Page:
Distal Radius Fracture: Essential Recovery Guide

distal radius fractures: symptoms, treatment, recovery

So, you’ve injured your wrist and it might be a distal radius fracture—a common issue when you take a tumble and land on your outstretched hand.

What Is A Distal Radius Fracture?

A distal radius fracture, occurring near the wrist in the largest forearm bone, is a common injury typically caused by falls onto an outstretched hand or direct impacts. This type of fracture can also result from axial forces.

Here’s the lowdown on what you might be feeling and what can be done about it.

Signs and Symptoms

When you’ve got a distal radius fracture, you’ll likely notice:

  1. Immediate pain and swelling around your wrist.
  2. It might feel tender to the touch, and moving your wrist, especially twisting or gripping, can make it hurt even more.
  3. Numbness or tingling due to how the fracture affects nearby nerves.

Types of Fractures

Fractures around the wrist can vary. You might have heard of:

  • Colles’ Fracture: This one tilts the broken part of your radius bone upwards.
  • Smith’s Fracture: Here, the broken fragment tilts downwards.
  • Intra-articular Fracture: These can be more complex, extending into your wrist joint and potentially causing arthritis down the line.
  • Open Fracture: In severe cases, the bone can break through your skin, which can lead to infection risks.

Understanding which type you have helps determine the best way to treat it.

Treatment Options

Treatment of a distal radius fracture depends on several factors, including the specific nature of the fracture, the patient’s age and overall health, and their previous activity level.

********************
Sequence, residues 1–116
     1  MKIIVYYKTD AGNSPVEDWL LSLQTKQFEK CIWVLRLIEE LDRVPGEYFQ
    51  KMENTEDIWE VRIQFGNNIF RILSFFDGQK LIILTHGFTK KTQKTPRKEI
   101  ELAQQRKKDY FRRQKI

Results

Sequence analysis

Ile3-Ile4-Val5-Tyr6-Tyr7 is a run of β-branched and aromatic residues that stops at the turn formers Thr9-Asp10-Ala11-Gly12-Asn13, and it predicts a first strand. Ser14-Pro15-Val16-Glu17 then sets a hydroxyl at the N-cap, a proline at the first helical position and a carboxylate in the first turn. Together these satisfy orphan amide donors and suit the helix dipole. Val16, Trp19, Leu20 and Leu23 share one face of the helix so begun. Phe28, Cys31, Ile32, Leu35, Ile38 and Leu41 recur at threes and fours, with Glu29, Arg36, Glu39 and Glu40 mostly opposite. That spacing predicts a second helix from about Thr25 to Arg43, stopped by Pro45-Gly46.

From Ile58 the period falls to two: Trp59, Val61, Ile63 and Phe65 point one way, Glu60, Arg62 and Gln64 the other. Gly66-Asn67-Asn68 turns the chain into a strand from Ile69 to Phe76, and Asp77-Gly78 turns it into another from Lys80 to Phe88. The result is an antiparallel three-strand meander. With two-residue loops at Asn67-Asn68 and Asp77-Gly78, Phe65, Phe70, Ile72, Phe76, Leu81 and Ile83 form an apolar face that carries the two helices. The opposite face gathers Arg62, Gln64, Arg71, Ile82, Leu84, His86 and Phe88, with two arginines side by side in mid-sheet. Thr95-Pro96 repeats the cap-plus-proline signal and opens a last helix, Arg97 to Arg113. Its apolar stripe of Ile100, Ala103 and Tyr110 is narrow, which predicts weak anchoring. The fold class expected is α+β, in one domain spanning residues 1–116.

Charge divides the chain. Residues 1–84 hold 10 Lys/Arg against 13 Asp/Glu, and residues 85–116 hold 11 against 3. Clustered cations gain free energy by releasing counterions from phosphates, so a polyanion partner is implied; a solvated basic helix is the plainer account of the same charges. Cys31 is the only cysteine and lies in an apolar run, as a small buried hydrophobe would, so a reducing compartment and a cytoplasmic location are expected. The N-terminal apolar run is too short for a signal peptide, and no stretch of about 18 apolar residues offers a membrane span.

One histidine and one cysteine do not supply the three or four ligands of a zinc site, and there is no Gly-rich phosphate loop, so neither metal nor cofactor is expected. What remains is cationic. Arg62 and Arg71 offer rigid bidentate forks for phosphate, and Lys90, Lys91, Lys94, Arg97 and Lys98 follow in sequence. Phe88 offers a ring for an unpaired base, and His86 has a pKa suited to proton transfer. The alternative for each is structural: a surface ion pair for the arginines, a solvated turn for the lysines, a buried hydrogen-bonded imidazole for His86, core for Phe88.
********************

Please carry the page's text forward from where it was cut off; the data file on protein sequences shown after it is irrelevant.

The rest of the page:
Both surgical and nonsurgical approaches are used to treat a distal radius fracture.

Non-Surgical Treatment

If your fracture isn’t too severe and the bones are still in decent alignment, you might just need a cast. The cast keeps everything stable so your bones can heal naturally.

Typically, you wear it for about six weeks before beginning physical therapy, during which time it’s important to keep your wrist elevated and avoid putting too much strain on it.

Surgical Treatment

Sometimes, though, the bones need a bit more help to heal properly. That’s when surgery comes into play. Surgery is usually called for when the bones must be re-positioned to improve their alignment.

Surgeons may use plates, screws, or pins to get everything back in place. It sounds serious, but it’s aimed at making sure your wrist heals strong and stable.

Healing Time

How long until you’re back to normal? Well, that depends.

Non-surgical recoveries typically take around six weeks for the bones to heal enough to ditch the cast. But full healing can take a few months. Surgery might mean a bit longer recovery because your body needs time to bounce back from the procedure.

The good news? Physical therapy starts soon after surgery to speed up your recovery and keep any complications at bay.

Getting Back on Track: Physical Therapy

Whether you go the cast route or opt for surgery, physical therapy is your next big step. It’s all about: